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McDonald’s is Bringing Fried Fruit Pies and Premium Burgers Back

With new management in charge, McDonalds is tinkering with its menu again. Will a new revamp be what the burger chain needs to turn sales around and pro...

Frazer Jones
|Apr 10|magazine5 min read

With new management in charge, McDonald’s is tinkering with its menu again. Will a new revamp be what the burger chain needs to turn sales around and produce a profit? It’s possible, especially when the new items on the menu are items that consumers will remember from years past.

This week McDonald’s announced that it’s introducing new Sirloin Third Pound burgers in three varieties: a Steakhouse Sirloin Third Pound topped with sautéed mushrooms and peppercorn sauce, a Bacon & Cheese Sirloin Third Pound with white cheddar and red onion, and a simple Lettuce & Tomato Sirloin Third Pound with the basics.

A trio of third-pound burgers—sounds familiar? It might if you remember the Angus Third Pounders that McDonald’s discontinued two years ago. At the time, the burgers were taken off the menu as a response to consumer complaints that they were just too expensive, around the same time that McDonald’s turned much of its attention to tweaking its Value Menu. But now the chain is hoping that fans will have a hunger for higher quality burgers, and will be willing to meet the new burger’s $5 price point.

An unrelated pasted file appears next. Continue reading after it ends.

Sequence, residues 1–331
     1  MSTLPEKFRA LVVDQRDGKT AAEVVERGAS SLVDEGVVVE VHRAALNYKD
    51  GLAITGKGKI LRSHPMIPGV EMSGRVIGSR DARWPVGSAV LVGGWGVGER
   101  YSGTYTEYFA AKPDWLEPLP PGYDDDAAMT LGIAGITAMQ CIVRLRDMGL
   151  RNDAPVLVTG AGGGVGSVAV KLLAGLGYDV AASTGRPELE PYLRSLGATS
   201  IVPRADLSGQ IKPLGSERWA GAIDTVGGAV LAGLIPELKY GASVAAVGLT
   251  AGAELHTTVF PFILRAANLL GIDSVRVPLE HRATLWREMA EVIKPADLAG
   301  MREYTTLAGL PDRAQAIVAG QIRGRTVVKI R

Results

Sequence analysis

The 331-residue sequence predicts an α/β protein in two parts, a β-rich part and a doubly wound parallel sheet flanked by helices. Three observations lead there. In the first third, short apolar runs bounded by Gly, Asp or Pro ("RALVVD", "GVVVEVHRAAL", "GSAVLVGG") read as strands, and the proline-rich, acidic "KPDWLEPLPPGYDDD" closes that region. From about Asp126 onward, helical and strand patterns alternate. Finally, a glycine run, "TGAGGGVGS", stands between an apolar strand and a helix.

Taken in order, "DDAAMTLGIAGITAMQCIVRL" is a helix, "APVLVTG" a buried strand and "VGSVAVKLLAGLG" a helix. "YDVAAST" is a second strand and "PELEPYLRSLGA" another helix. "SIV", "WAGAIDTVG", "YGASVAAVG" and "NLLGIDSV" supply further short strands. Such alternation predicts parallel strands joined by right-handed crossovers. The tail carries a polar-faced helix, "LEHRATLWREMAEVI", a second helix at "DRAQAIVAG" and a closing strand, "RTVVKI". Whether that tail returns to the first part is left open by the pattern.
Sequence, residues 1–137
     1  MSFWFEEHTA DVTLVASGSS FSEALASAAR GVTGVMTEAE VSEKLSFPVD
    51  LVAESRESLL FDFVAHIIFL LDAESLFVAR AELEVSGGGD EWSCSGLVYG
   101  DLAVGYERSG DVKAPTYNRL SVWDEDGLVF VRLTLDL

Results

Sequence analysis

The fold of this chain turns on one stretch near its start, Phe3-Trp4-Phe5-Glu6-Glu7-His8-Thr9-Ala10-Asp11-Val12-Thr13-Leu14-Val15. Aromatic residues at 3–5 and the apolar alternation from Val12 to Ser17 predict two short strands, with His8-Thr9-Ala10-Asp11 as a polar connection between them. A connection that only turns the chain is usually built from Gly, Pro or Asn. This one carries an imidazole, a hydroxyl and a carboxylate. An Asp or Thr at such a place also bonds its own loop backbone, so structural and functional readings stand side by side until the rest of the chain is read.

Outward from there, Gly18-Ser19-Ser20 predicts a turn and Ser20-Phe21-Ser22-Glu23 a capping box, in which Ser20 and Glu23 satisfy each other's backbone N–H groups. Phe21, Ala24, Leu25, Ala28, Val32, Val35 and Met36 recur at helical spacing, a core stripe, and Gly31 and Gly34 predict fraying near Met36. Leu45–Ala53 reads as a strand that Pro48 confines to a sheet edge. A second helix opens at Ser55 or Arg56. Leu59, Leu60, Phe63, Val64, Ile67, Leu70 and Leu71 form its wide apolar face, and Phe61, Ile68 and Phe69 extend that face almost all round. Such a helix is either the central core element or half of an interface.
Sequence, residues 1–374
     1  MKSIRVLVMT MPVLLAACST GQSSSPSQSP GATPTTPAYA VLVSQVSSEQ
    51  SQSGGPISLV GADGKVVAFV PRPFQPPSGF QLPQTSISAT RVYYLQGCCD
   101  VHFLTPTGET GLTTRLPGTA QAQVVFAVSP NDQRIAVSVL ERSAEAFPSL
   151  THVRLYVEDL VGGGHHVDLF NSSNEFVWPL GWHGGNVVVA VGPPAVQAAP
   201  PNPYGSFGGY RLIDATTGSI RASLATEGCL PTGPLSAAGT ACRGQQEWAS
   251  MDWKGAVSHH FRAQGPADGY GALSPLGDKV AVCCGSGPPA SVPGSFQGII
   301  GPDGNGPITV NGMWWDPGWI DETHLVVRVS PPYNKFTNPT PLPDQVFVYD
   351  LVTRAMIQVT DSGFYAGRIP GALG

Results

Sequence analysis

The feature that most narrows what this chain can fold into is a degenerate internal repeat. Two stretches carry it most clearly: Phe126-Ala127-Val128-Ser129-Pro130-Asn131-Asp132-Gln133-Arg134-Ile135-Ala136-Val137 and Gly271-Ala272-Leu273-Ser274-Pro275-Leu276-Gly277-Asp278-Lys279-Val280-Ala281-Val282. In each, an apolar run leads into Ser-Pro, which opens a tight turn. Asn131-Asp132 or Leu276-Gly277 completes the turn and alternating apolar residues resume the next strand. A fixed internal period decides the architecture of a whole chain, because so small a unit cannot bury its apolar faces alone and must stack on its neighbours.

But it’s not all about burgers—a dessert return’s on the menu as well. For mysterious reasons, McDonald’s is showing its Southern California audience an awful lot of love right now. First the burger chain decided to make San Diego the epicenter for its breakfast-all-day tests. Now we’ve got word that McDonald’s is bringing fried apple pie and fried cherry pie back to Southern California. 

Fried pies have been gone for much longer than the Angus Third Pounders—these have been gone since 1992, traded in for healthier baked pies. But it’s hard to argue with a crispy, flaky fried pie, especially at a 2-for-$1 price point. This is one return where McDonald’s could see success, potentially on a nationwide basis if a Southern California run turns out well.